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Clash of the Open Standards 215

Posted by Zonk
from the draw-lightsabers-and-go dept.
Rollie Hawk writes "Open Source Initiative (OSI) and Computer Associates (CA) may agree that some housework is needed with open source licensing, but they may not be able to reconcile their views on the best solution. CA has a couple of possible solutions in mind for its proposed Template License. This license will likely be based on either Sun's Common Development and Distribution License (CDDL) its own Trusted Open Source License. OSI, which does not favor corporate-centered licensing, opposes such moves on a number of grounds. Specifically, they point out that CDDL is not GPL-compatible. While acknowledging the problems with license proliferation, OSI prefers a solution involving stricter criteria (including that approved licenses must me non-duplicative, clear and understandable, and reusable) and is proposing a "three-tier system in which licenses are classified as preferred, approved or deprecated." While there is no legal requirement for any open-source license to be approved by OSI, it is currently common practice for developers to get their license blessing from it."
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Clash of the Open Standards

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  • Re:more than two? (Score:1, Informative)

    by Antity-H (535635) on Tuesday April 12, 2005 @09:37AM (#12211142) Homepage
    from http://www.opensource.org/licenses/ :
    Academic Free License
    Adaptive Public License
    Apache Software License
    Apache License, 2.0
    Apple Public Source License
    Artistic license
    Attribution Assurance Licenses
    New BSD license
    Computer Associates Trusted Open Source License 1.1
    Common Development and Distribution License
    Common Public License 1.0
    CUA Office Public License Version 1.0
    EU DataGrid Software License
    Eclipse Public License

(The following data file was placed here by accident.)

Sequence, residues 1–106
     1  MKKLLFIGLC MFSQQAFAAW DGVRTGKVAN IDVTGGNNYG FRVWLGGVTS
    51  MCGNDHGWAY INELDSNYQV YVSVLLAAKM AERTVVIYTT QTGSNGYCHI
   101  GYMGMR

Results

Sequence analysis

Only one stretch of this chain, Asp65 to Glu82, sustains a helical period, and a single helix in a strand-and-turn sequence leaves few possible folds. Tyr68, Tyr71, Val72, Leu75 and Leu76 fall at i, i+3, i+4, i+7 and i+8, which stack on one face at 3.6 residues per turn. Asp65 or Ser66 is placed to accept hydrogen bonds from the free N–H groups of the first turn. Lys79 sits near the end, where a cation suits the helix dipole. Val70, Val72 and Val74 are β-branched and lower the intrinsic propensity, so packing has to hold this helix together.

Educational Community License
    Eiffel Forum License
    Eiffel Forum License V2.0
    Entessa Public License
    Fair License
    Frameworx License
    GNU General Public License (GPL)
    GNU Library or "Lesser" General Public License (LGPL)
    Lucent Public License (Plan9)
    Lucent Public License Version 1.02
    IBM Public License
    Intel Open Source License
    Historical Permission Notice and Disclaimer
    Jabber Open Source License
    MIT license
    MITRE Collaborative Virtual Workspace License (CVW License)
    Motosoto License
    Mozilla Public License 1.0 (MPL)
    Mozilla Public License 1.1 (MPL)
    NASA Open Source Agreement 1.3
    Naumen Public License
    Nethack General Public License
    Nokia Open Source License
    OCLC Research Public License 2.0
    Open Group Test Suite License
    Open Software License
    PHP License
    Python license (CNRI Python License)
    Python Software Foundation License
    Qt Public License (QPL)
    RealNetworks Public Source License V1.0
    Reciprocal Public License
    Ricoh Source Code Public License
    Sleepycat License
    Sun Industry Standards Source License (SISSL)
    Sun Public License
    Sybase Open Watcom Public License 1.0
    University of Illinois/NCSA Open Source License
    Vovida Software License v. 1.0
    W3C License
    wxWindows Library License
    X.Net License
    Zope Public License
    zlib/libpng license
  • Re:more than two? (Score:4, Informative)

    by squiggleslash (241428) on Tuesday April 12, 2005 @09:38AM (#12211155) Homepage Journal
    FWIW, anyone who needs a fairly reasonable list of licenses will find a reasonable collection, with related discussion, here [fsf.org].